Tsushima martens (Martes melampus tsuensis) are medium-sized terrestrial mammal distributed in Tsushima Island, Japan, and listed as a near threatened species by the Ministry of the Environment, and designated as a natural monument of Japan. The purpose of this study was to investigate the breeding season and sexual maturity by the testicular temporal changes, and obtain the knowledge about baculun morphology, and attempt to determine the age using the baculum in this subspecies. Twenty-one wild male Tsushima martens were collected during 1994－2012 on Tsushima Island. The testes and bacula were measured and observed macroscopically and histologically. Age was determined by counting the annual layers of cementum. In the animals over one year (≥1-yr) of age, the testis length and seminiferous tubule diameter were significantly greater during July－September than those during January－March or October－December. In the seminiferous tubule of ≥1-yr animals during July－September, spermatogonia to spermatozoa were observed. Thus, the breeding season was estimated to occur during July－September, and the animals were estimated to reach sexual maturity during their second year. The baculum morphology of the Tsushima marten is thought to be the dominant type found in the Martes species. The baculum weight increased with age, and there were significant differences between 0 yr, 1 yr, and ≥2 yr. From this, it is possible to estimate the age of a Tsushima marten by using the baculum weight.
We examined the partial mitochondrial DNA sequences of the Ryukyu long-furred rats (Diplothrix legata) on northern Okinawa-jima Island to evaluate the genetic diversity of this species. Complete mitochondrial D-loop (40.933) and partial tRNA-Pro (1.39) and Phe (934.961) sequences, totaling 961 bp in length, were determined for 60 individuals. Three D-loop haplotypes were present in these animals, with mutations at six sites (GenBank accession numbers: AB699876-AB699878). The haplotype diversity (H) and the nucleotide diversity (π) of the D-loop sequences were 0.606 and 0.00238, respectively. The “twin-peak” phenomenon was observed for the mismatch distribution of pairwise differences, indicating that the population of these animals had experienced a population bottleneck.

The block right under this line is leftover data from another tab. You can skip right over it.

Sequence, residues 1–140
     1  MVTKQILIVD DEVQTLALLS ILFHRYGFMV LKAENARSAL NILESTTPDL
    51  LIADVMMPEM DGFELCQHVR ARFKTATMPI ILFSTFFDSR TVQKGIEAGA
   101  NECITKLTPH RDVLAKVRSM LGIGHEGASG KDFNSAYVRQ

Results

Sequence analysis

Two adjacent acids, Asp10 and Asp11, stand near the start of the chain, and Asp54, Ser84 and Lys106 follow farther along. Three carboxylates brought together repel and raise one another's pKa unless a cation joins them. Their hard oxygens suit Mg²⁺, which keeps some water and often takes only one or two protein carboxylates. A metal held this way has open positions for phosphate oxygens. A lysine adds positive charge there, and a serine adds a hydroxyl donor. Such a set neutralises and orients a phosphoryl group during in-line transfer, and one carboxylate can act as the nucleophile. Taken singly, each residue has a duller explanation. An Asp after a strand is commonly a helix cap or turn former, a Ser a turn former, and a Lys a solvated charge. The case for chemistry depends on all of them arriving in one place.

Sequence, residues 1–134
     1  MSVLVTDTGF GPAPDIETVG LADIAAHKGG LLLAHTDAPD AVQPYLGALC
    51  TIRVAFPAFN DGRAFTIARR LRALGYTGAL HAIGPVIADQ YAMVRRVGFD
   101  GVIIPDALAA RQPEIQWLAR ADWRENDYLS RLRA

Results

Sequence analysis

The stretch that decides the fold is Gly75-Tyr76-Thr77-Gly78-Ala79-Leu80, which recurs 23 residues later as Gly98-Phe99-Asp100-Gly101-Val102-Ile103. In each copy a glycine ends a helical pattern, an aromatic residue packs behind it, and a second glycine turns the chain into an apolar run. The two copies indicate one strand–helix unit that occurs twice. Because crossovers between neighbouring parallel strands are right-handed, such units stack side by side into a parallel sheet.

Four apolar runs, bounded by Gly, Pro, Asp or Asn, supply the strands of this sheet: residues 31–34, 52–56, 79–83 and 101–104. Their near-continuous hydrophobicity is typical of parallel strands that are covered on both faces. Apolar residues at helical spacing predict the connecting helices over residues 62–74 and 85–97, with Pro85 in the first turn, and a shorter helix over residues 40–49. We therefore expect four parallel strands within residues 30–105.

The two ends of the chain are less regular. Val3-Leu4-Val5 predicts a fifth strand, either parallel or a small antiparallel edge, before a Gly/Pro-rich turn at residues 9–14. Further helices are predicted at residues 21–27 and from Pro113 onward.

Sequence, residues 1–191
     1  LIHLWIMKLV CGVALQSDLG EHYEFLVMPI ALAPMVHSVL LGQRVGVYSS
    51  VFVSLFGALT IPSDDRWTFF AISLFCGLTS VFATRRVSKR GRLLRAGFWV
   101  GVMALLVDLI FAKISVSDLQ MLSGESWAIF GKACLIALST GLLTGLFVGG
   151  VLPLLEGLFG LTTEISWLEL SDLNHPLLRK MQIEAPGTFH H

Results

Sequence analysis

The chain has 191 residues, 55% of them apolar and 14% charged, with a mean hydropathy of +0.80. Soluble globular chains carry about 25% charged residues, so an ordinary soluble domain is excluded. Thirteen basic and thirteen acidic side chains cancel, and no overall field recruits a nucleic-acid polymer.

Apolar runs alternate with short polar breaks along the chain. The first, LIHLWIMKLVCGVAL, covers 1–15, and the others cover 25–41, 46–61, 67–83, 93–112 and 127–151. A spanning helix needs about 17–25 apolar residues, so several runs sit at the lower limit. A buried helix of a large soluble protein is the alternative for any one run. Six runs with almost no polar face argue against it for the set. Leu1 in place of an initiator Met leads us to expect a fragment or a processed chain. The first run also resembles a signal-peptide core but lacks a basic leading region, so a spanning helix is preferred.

Genet ic assessment of gibbon populations is required to establish and develop the conservation management of endangered gibbon species. To assess the paternal genetic diversity of wild gibbons, we searched and developed six loci of the Y-chromosomal marker that consist of five microsatellites and three PCR fragment length polymorphisms in two species of gibbons, Hylobates lar (white-handed gibbons) and H. pileatus (pileated gibbons). Using these Y-chromosomal markers, no individual shared a Y-chromosomal haplotype with any other individual among captive H. lar (n = 12) and H. pileatus (n = 5). The application of the Y-chromosomal markers developed in this study will help us to uncover the genetic diversity of these two gibbon species.